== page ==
Paradoxically, Cleveland’s legal argument for violating donor intent was that the four long-ago benefactors hadn’t envisioned the pressing need to provide more space for the collection and new acquisitions. In its successful Complaint for Declaratory Judgment, Cleveland argued in Cuyahoga County Probate Court that of all the funds that the museum might have chosen to tap for construction, the art purchase fund “would be most frustrated as to purpose in the event the Museum does not expand.”

On the contrary, it seems to me axiomatic that these funds would be “most frustrated as to purpose” if they weren’t used for their intended purpose—art acquisitions, not construction.

Commenting on the diversion of acquisition funds, Deborah Gribbon, the museum’s interim director, said this to me in a written statement:

This action was not necessitated by imprudent planning, it was taken only after full consideration of every other option, and it was pursued with complete transparency [emphasis added]. To the extent that these funds are used, it will be to the direct benefit of the museum’s collection and its public.

But “complete transparency” did not extend to full public disclosure that the diversion of the art funds was being sought to bolster a bond offering. That information is contained in one short phrase in the court petition, which states that, among other things, the money might be used “to service debt that is now or will be outstanding.” Timothy Rub did allude briefly to the issue of “bonding capacity” in his Q&A we me about the diversion of Cleveland’s art funds. (We spoke about this after he had left the Cleveland directorship and assumed the top post at the Philadelphia Museum of Art.)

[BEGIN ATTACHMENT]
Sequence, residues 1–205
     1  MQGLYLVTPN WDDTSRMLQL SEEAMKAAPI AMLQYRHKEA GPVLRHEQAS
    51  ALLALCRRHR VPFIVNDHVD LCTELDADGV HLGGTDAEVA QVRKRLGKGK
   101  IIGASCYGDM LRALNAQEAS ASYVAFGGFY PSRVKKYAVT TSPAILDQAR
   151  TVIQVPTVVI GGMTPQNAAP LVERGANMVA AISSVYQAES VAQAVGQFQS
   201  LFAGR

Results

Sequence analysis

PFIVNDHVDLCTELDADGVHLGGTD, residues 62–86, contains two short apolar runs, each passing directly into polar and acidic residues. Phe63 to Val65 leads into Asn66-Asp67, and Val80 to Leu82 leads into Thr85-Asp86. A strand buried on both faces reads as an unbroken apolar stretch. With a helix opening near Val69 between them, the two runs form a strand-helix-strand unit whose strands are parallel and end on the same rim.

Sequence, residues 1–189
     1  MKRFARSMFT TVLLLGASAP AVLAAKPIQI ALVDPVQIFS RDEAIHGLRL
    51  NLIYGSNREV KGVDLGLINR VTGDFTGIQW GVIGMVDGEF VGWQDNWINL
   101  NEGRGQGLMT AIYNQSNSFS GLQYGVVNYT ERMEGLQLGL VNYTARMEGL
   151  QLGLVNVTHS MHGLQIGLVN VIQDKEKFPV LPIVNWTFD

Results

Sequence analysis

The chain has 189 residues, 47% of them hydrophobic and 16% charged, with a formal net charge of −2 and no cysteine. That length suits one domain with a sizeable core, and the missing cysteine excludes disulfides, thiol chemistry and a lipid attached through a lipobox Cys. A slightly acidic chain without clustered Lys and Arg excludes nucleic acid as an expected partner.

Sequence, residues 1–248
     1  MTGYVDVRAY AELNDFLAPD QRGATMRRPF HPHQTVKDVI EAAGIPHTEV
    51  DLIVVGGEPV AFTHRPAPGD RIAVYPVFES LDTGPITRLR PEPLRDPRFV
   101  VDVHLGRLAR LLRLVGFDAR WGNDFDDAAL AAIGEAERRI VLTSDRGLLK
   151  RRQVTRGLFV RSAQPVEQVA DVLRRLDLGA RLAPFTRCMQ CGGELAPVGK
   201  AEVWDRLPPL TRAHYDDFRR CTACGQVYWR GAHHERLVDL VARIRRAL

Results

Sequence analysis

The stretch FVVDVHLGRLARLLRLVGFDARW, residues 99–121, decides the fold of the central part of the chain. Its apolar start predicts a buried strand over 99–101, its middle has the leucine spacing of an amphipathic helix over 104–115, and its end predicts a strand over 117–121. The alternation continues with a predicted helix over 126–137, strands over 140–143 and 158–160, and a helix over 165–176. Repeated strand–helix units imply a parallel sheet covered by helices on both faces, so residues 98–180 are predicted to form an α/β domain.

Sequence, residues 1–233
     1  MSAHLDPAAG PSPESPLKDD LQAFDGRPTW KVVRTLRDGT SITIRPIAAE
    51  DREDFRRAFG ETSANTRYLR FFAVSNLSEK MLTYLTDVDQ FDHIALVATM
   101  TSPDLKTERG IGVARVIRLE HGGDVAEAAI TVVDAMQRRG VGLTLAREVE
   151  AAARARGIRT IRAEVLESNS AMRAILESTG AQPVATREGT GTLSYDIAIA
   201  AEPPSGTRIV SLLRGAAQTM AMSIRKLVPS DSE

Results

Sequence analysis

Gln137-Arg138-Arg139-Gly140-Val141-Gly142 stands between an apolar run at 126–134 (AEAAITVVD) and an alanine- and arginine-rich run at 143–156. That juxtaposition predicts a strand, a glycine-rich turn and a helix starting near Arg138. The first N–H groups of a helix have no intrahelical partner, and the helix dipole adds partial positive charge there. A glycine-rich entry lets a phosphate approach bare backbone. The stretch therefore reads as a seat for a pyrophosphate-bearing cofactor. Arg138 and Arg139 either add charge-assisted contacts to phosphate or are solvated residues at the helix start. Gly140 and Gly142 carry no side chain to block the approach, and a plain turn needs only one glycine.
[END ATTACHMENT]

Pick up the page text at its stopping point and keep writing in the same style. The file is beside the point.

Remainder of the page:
As for paying off those bonds, Standard & Poor’s has warned (as also reported in The Bond Buyer‘s article) that the museum’s future debt burden could exceed 20% of the museum’s budget. In 2005, the museum issued $90 million in bonds through the Cleveland-Cuyahoga County Port Authority. The total fundraising goal for the project is $350 million, of which $220 million has thus far been raised. On June 14, the museum’s board green-lighted the final phases of the expansion designed by architect Rafael Viñoly, scheduled for completion in 2013.

On Saturday, the museum opened 17 newly renovated galleries, completing the restoration of its original 1916 building. These spaces house art from the ancient Near East, Greece, Rome, Egypt and Africa; works from late antiquity, the Byzantine Empire and the European Middle Ages; and prints and drawings.

The installation of ancient art, Litt reports, includes restitution replacements—objects sent by Italy on long-term loan, in return for Cleveland’s givebacks of antiquities that the Italian government had claimed were illegally removed from that country.

According to yet another report by Litt, Cleveland still rejects Greece’s claim to one of the most important antiquities in the museum’s collection—“Apollo Sauroktonos” (pictured at the top), a life-sized bronze attributed to Praxiteles, now featured at the entrance to the newly renovated galleries.

CLARIFICATION: The actual par value of the bonds, as stated in the June 17 offering circular, is $70.43 million.